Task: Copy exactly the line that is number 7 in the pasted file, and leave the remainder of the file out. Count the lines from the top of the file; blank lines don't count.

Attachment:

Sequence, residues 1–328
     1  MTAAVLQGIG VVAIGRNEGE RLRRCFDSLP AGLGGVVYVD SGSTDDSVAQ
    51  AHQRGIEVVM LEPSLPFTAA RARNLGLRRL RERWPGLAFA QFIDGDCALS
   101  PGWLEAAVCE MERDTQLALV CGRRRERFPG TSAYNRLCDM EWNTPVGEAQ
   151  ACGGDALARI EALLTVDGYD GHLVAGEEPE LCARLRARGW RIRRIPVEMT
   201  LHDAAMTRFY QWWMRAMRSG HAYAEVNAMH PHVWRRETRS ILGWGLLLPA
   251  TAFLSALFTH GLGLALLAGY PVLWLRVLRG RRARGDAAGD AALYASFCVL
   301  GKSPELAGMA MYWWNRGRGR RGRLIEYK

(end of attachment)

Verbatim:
   251  TAFLSALFTH GLGLALLAGY PVLWLRVLRG RRARGDAAGD AALYASFCVL